be active. goal achievement Monitor for self-care police 25 Info Sharing Encourage clients to share Feelings What do they find hard Record keeping (BG. food. help with med adherence. where. wt. even with some slip ups) Goal Setting Specific activity that you will do. Priorities) 30 . activity. negative or no support = poorer outcomes) Ask client if they want family involved in appts (include in materials sent home to client) Don’t want the family member to speak for the client. Behavior-specific – “What. but you do want their input Encourage family to eat healthy also. how often. with who? The more specific the better You have a level of confidence 7 or higher on a scale of 1 to 10 27 28 Problem Solving Identify a problem or barrier to achieving goal Brainstorm with client options that may help to overcome the problem/barrier Select one of the options and try it Assess results. groups. Concerns with ambivalence 29 Ambivalence Feeling 2 or more ways about something Not committed to change. undecided Values not aligned with change: not important enough Don’t have sufficient DARN Desire (Values. great If not. 1:1?” 26 Collaborate on Goals Success dependent on 2 kinds of motivation Positive expectation or hope (the belief that change will do some good) Confidence or self efficacy (the belief that they can successfully make the change. steps) Sharing what you know “What do you want to learn about eating?” “Would you rather I talk about meal planning or would you rather just ask me questions?” “How do you like to learn…reading. It must be something: You WANT to do.Include Family Family support is a major factor in self-mgt outcomes (positive support = positive outcomes. bp. video. You reasonably CAN do. seeing. doing. Self-Efficacy) Reasons (Pros/Cons) Needs (Importance. If works. Emotions) Ability (Confidence. when. brainstorm other options.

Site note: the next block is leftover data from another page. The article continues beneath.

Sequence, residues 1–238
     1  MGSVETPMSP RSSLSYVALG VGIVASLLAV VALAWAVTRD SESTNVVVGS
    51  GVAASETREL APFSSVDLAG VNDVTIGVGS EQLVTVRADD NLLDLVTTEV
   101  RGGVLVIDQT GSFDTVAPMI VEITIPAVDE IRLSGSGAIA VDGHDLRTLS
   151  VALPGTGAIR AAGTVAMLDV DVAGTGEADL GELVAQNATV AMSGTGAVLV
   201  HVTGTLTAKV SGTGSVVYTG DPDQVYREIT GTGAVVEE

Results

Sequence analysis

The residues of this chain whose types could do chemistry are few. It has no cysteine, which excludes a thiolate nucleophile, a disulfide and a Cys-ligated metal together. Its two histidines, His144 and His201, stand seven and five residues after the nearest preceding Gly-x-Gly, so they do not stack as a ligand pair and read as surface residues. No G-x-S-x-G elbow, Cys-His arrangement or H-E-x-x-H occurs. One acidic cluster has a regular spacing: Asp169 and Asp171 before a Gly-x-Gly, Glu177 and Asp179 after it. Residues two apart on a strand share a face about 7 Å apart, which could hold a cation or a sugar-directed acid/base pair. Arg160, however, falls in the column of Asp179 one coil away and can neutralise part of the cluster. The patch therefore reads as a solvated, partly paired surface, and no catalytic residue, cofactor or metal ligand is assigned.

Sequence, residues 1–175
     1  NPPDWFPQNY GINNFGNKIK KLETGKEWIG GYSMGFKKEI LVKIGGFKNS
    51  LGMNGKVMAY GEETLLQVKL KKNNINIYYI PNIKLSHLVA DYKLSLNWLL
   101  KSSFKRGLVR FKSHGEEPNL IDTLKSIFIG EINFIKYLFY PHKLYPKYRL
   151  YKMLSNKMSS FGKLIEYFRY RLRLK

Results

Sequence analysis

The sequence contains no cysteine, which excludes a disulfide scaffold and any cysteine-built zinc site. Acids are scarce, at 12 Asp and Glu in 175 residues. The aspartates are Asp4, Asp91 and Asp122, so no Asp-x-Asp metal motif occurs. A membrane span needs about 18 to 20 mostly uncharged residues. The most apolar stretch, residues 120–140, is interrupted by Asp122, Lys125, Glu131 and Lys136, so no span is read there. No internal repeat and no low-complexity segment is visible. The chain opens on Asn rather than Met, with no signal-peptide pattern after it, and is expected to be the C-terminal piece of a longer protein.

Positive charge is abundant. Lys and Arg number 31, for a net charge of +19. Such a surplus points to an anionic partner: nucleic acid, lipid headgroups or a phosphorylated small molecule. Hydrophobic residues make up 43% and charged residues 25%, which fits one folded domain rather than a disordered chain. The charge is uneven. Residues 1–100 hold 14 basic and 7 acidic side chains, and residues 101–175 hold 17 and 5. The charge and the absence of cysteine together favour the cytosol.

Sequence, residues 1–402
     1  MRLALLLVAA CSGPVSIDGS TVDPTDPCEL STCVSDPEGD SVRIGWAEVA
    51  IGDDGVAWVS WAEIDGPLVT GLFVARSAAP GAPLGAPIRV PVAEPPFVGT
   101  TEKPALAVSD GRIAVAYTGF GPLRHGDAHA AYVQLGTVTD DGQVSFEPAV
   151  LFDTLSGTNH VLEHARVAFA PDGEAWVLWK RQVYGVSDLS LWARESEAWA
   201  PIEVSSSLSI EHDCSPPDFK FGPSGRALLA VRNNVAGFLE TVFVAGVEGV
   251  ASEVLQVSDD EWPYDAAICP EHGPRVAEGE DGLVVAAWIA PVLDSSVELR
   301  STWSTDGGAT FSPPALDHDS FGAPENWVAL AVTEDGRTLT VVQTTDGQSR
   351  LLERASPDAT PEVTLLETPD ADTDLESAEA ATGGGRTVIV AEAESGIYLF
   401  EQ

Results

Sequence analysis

. Reinforce Change Talk Desire for change: “I want to…” Ability to change: “I know I can…” Reasons to change: “It will help me to. Listen and Respond to Change Talk (client needs to be the one voicing the argument for change).Resolving Ambivalence Key to behavior change First goal: increase the discrepancy between current status and desired goal Second goal: Elicit. consider. may Desire Ability Reasons Need Commitment Language (Change Talk) Behavior Change ↓ Taking Steps 31 32 Eliciting Change Talk Ask evocative questions “How do you feel about checking your BG?” (D. How confident is the client about making the change. N) “If you could see a future with your DM better controlled. promise. R) “What is most important to you right now about your health?”(R. 36 . what would that look like?” (D.. will. N) “What have you done to successfully lose weight in the past?” (A) “What would need to happen for you to begin an exercise program?” (D. plan to. R) (Tool for exploring ambivalence) Cons Negatives about Changing changing behavior behavior? Not changing behavior 33 Decisional Balance Explore decisional balance Use readiness to change scale Pros Positives about changing behaviors? Positives about Negatives status quo? about status quo? 34 Quitting Concerns with smoking smoking Mother died of cancer Father died of emphysema Personal illness My children will smoke Cost Smell Cough Still Benefits of Smoking smoking Relaxation Wakes me up I enjoy it Helps me think Benefits of quitting Breathe and feel better Please my family Have more money Not embarrassed of smell Concerns with quitting Wt gain Fail at quitting Life not as fun More stressed 35 Exploring Readiness to Change Use readiness scale Readiness = importance X confidence How important is it to the client to change.” Need to change: “I have to because…” Commitment Language Terms: Vow.